4 Steps To Make A Journalist Like You (And The Pitches That You Send Them)

12 June 2023 Guest Contributor

You might only know them by their bylines, but journalists are people too. And as a PR pro, your odds of having your story picked up by a media outlet all boils down to one simple truth: You need to catch the journalist's eye and make them like you. Think of it like a first date. If you make a great first impression, your odds of developing a healthy relationship goes up significantly. The following PR tips and tricks will make any journalist fall in love with your pitch and feature your story, brand or product in their next piece.

1. Know Your Target

The more you know about the journalist, the better you can tailor your pitch to their unique preferences, background, and the types of stories they usually write. After identifying a few media outlets that you'd like to get featured in, do some background research on the blogger, journalist or reporter. 

  • Read their past work. On most media websites, you can click their bio to see their past work. Or, do a quick Google search. In Google, enter their name in quotation marks, plus the specific topic you're interested in. For example: "Writer Name" + technology trends
  • Check their social media accounts to see what's going on in their lives, and what trends or news stories they're personally engaging with.
  • Visit their personal website or blog to see what hobbies or interests they enjoy when they're not wearing their professional journalism hat.

The more you know about a journalist, the better you can tailor your pitch to their interests. Most PR outreach attempts fail because the content you're pitching isn't what the journalist covers, or isn't what they're interested in talking about. 

2. Do Media Monitoring

Keep an eye on what terms, ideas and stories are trending in your specific industry. You can easily do this by scanning the news daily, or setting up a Google alert so you get an email anytime something new appears online about the topic you're interested in.

The benefits are twofold: 

  • You'll become familiar with more journalists who cover the topic related to your brand, product or marketing efforts. 
  • You'll know what's timely, relevant and newsworthy, so you can tailor your pitch to what's currently on the mind of the journalist.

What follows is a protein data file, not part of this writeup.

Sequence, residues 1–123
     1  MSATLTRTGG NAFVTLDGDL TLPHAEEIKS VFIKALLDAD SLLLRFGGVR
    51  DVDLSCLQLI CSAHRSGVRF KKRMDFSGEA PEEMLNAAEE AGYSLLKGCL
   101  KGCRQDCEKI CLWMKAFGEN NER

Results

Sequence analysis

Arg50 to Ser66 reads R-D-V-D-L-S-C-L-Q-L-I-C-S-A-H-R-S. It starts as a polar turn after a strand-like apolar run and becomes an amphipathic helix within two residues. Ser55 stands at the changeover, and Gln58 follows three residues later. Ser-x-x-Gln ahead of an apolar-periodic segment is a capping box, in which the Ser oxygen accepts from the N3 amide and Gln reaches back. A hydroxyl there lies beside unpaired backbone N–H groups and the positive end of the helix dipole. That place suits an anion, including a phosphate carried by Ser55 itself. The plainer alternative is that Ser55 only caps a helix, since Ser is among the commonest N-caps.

3. Develop Your Tailored Pitch

Now that you know the journalist's preferences and what's timely and urgent in the world of news, craft a tailored pitch that: 

  • Appeals to the writer's beat (the topic he or she normally covers for the media outlet).
  • Connects with what's newsworthy and time-sensitive, ensuring the journalist's work will make both his publisher and his audience happy.
  • Gives the journalist just enough info to catch her attention, but not so much that she's overwhelmed or has to spend a lot of time figuring out your angle.

In general, the best pitch that will make a journalist like you is concise and to the point (think no more than 300 words) and communicates the value of your story: 

  • Is it newsworthy?
  • Is it timely?
  • Does it have an interesting or unusual angle that the journalist's readers haven't considered before?
  • Does it include authoritative data? (No fluff, please!)

For example, you could tie your PR pitch to a recently published study. Or, you might mention a new survey that shows what local readers are interested in. Or maybe you could highlight how this angle builds on another article that the blogger recently published, and adds additional surprising insights.  

The journalist will fall in love with you (and your pitch) if you can quickly hit the highlights and make it easy for the writer to pitch the article to his or her publisher. Do the work for them, because the easier you make their job, the more they'll like you and publish you!

4. Craft the Perfect Subject Line

Journalists get dozens of pitches a day. Now that you have the perfect story proposal, make sure your pitch doesn't get buried in their inbox: 

  • Keep it short and to the point
  • Throw in something that makes them curious and gets them to open your email
  • Add some personalisation using the background research you already did on the journalist 

Finally, if a journalist opens your email and replies (firstly, well done YOU!!!!), always respond as soon as possible. Bloggers and journalists are often on a big time crunch, and they'll like you more (and run your story) if you respond to their queries quickly. 

Happy pitching! 

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